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The Coming Fight for the Dalai Lama’s Soul



China’s brutal crackdown on its Muslims has attracted a global outcry and shows no signs of slowing in 2019. This extends to other faiths: Chinese Christians, Taoists, and Buddhists are also facing a new wave of repression. But while China is backtracking its accommodation of religious citizens within its borders, it’s doing the opposite outside them.

With an energetic, multibillion-dollar, transnational campaign, China wants to harness Buddhism for soft power across Asia. It calls Buddhism an “ancient Chinese religion” and has spent $3 billion to revive the birthplace of the Buddha, the Nepalese town of Lumbini. It has been holding World Buddhist Forums since 2006 with monks from all over the world. It is pouring in money to revive the Gandhara trail of Buddhist sites in Pakistan, linking heritage revival to its Belt and Road Initiative. It’s building a Buddhist center in Myanmar’s capital and funding the study and translation of Buddhist texts. (In contrast to this expansive global vision, it also announced this month a five-year plan to “Sinicize” Buddhism for practitioners inside its borders.)

One big wrinkle? The world’s most famous Buddhist lives in India: the Dalai Lama. India is also the birthplace of Buddhism. Although India has been late to the Buddhist sphere compared to China, the two Asian superpowers are making the religion itself the next front in their geopolitical rivalry. Not content to let China to run away with Buddhism’s cultural cachet across wide swaths of East, Southeast, and Central Asia, India, too, has joined the global conference circuit, revitalized historical sites, and parades its Buddhist heritage on diplomatic tours.

The surprising loser of their clash—which will, if nothing else, revive a great many Buddhist heritage sites—is the Dalai Lama himself. He has spent 60 years in Dharamsala, in the Himalayan foothills, in exile from Tibet. India’s government long held its housing of the Dalai Lama as a trump card in the Buddhist world. But that started to change last year, when India spurned the Tibetan government-in-exile’s anniversary celebration because it was a “very sensitive time” for bilateral relations with China, according to the Indian foreign minister.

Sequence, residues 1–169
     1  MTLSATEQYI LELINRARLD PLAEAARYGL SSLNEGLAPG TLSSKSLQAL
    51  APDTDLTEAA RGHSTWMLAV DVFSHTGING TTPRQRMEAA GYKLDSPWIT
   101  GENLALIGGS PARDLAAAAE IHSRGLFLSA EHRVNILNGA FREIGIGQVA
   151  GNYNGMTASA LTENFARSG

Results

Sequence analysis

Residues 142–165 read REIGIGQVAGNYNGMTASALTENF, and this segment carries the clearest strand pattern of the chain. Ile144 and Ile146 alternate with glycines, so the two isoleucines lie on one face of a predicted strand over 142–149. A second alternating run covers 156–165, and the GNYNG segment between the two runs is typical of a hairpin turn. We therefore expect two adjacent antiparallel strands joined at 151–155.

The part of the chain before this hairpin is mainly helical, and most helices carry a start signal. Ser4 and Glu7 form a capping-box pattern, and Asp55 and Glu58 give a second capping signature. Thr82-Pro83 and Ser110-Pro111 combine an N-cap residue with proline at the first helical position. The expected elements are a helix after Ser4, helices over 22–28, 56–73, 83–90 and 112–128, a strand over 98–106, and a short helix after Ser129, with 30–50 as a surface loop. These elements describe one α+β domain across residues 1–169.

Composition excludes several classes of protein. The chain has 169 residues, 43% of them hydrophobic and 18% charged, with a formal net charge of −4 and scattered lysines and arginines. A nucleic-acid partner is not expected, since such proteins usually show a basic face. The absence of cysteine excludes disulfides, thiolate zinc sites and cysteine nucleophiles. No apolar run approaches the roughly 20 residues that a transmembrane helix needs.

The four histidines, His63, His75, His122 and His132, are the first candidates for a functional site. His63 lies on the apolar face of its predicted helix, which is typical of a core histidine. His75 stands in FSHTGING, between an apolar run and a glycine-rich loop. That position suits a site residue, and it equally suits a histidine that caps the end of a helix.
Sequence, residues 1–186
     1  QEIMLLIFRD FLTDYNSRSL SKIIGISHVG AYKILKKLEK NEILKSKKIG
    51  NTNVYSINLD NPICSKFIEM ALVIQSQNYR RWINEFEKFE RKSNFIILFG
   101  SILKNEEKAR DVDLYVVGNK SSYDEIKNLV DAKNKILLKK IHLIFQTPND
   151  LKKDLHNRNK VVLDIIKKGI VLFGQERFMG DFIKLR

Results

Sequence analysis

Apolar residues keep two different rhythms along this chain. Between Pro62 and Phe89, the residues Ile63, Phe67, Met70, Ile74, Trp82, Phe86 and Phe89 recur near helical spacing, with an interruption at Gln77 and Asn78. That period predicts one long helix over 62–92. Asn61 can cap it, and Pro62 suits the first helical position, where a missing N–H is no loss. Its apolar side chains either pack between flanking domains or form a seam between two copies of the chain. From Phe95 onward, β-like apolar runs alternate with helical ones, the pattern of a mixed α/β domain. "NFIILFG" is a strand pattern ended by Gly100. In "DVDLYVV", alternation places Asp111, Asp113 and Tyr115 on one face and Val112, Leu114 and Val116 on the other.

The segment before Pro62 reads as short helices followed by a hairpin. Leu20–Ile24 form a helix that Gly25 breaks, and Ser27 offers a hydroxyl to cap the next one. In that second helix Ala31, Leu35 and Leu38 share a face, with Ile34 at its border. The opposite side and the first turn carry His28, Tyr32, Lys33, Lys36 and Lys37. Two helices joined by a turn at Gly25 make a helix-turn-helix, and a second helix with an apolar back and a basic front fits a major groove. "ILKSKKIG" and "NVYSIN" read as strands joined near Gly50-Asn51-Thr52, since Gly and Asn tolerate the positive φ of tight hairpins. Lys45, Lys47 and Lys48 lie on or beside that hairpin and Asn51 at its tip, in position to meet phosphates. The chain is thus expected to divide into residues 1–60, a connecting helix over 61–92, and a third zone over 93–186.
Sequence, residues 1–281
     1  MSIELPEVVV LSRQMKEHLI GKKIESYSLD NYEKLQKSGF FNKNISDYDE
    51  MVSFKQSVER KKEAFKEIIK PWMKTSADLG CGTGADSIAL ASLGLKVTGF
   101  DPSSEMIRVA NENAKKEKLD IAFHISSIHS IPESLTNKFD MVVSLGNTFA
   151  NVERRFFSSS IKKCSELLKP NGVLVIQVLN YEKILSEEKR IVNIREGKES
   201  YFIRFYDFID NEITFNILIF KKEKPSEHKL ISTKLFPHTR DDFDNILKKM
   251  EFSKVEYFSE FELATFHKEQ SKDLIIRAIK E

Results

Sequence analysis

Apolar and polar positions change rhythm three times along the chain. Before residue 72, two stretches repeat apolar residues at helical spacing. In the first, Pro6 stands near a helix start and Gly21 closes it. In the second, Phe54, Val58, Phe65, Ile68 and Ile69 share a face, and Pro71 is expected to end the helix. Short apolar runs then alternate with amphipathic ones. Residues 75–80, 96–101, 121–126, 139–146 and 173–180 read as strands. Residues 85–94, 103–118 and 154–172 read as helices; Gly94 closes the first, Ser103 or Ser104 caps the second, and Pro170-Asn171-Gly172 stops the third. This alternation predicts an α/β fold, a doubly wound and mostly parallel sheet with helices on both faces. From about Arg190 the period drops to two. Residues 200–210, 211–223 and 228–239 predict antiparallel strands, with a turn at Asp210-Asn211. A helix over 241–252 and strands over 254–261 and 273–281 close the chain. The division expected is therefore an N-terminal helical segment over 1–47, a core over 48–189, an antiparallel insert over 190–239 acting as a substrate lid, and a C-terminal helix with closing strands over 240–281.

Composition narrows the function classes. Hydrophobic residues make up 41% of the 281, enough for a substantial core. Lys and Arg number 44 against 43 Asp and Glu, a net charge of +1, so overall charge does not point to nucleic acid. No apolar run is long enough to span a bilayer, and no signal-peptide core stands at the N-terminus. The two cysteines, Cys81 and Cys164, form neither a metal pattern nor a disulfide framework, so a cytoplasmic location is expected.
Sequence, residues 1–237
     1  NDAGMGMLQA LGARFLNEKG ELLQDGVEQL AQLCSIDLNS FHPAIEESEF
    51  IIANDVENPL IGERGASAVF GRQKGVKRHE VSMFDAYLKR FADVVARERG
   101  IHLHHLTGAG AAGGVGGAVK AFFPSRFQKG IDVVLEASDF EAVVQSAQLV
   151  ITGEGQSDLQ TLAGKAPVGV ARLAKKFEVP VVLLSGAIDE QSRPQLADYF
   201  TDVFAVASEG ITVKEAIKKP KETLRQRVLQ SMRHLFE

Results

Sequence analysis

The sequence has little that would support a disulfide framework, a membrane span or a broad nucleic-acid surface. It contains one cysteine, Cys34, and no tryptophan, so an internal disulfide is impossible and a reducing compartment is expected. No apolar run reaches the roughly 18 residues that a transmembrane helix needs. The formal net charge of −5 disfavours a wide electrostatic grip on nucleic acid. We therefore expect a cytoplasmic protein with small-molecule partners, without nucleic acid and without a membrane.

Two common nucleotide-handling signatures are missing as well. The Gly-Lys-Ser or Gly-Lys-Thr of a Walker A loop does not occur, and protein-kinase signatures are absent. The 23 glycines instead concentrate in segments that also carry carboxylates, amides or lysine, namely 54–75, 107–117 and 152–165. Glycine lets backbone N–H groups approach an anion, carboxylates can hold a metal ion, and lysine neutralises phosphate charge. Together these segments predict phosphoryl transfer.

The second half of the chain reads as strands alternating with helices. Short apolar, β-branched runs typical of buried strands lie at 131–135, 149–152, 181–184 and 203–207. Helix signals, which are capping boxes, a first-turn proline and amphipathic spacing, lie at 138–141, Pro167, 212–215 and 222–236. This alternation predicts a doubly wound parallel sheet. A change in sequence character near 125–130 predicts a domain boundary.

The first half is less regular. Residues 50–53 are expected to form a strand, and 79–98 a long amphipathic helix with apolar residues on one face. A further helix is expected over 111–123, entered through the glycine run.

This constitutes a big chill. As recently as 2014, the president of the Central Tibetan Administration (the exiled government) was invited to Prime Minister Narendra Modi’s inauguration. Now, it seems that India doesn’t want to risk anything that could upset its mercurial relations with China.

Instead, Modi’s play for Buddhism sidesteps the politically tangled Tibet issue for a hazy rhetoric of “civilization” and “enlightenment.” In the process, both countries have effectively marginalized the Dalai Lama and the Tibetan refugees who call him their spiritual leader but who find themselves no longer useful in the great powers’ culture wars. And, ironically, despite the pretext of diplomacy, India might be playing right into China’s hands, handing it the keys to run away with the leadership of the worldwide Buddhist community.

Why is the Dalai Lama such a unique figure in geopolitics? Identifying rebirths is a particular concern of Tibetan Buddhists; there are thousands of Tibetan lineages, beyond famous ones such as the Dalai Lama, whose reincarnations are a source of constant speculation. In the past, this determined money and power in Tibet—today, it shapes the Tibetan world’s identity. That’s why issues of succession are writ so much larger on Tibetan politics than on other Buddhist-majority societies.

That makes the next life of the Dalai Lama critical. Beijing claims that the Chinese government has the sole right to determine both whether the Dalai Lama, officially the 14th in an ancient spiritual lineage, will reincarnate and in whom he will reincarnate. This might seem a contradiction in terms for an atheist state, but it’s part of the messy legacy of China’s religious-imperial past under the Qing Dynasty. Since Beijing’s claim to Tibet rests largely on the Qing-era borders, picking the lamas ostensibly comes with the territory.

When a reincarnated lama died in the past, the fights over his lavish inheritance were often bitter. The 14th Dalai Lama will be no exception. The Dalai Lama fled Tibet for India’s Himalayan foothills at age 15 and is the spiritual leader of Tibetan Buddhists worldwide—as well as a political power player in an exile community that’s often bitterly torn. Now 83 and in declining health, aging is on his mind; his death will create a power vacuum, which will almost certainly be filled by China.

For years, he has been suggesting that he simply may not reincarnate. (“There is no guarantee that some stupid Dalai Lama won’t come next,” he said in 2014.) This enrages China, which claims it will appoint his successor. In turn, he has tried to set up a Tibetan government that can outlast his own cult of personality.

“He’s been thinking strategically, or you might also say compassionately, about the risks and dangers about reincarnating,” said Gray Tuttle, a professor of modern Tibetan studies at Columbia University.

But he may have done that too well, writing himself and his community out of anyone’s strategic interests. Even if the Dalai Lama considers the world as his audience, India and China have a shorter field of vision. India’s new foreign secretary, Vijay Gokhale, is the former ambassador to Beijing and is keen to improve bilateral relations, which means sidestepping Tibet sensitivities. China’s decades-long campaign to erode the prestige of the Dalai Lama has basically worked: No world leader will meet with him today, and even Modi has personally avoided it.

If India is walking back its engagement with the Dalai Lama now, the path for China’s ambitions is clear. China has long asserted that a figure called the Panchen Lama will help find the next Dalai Lama. (Lama is the Tibetan Buddhist word for spiritual leader.) But there are two claimants to that title: the Dalai Lama-approved one, who was kidnapped by Chinese officials at age 6 and whose whereabouts are unknown, and the China-approved one is Gyaincain Norbu, who lives in Tibet.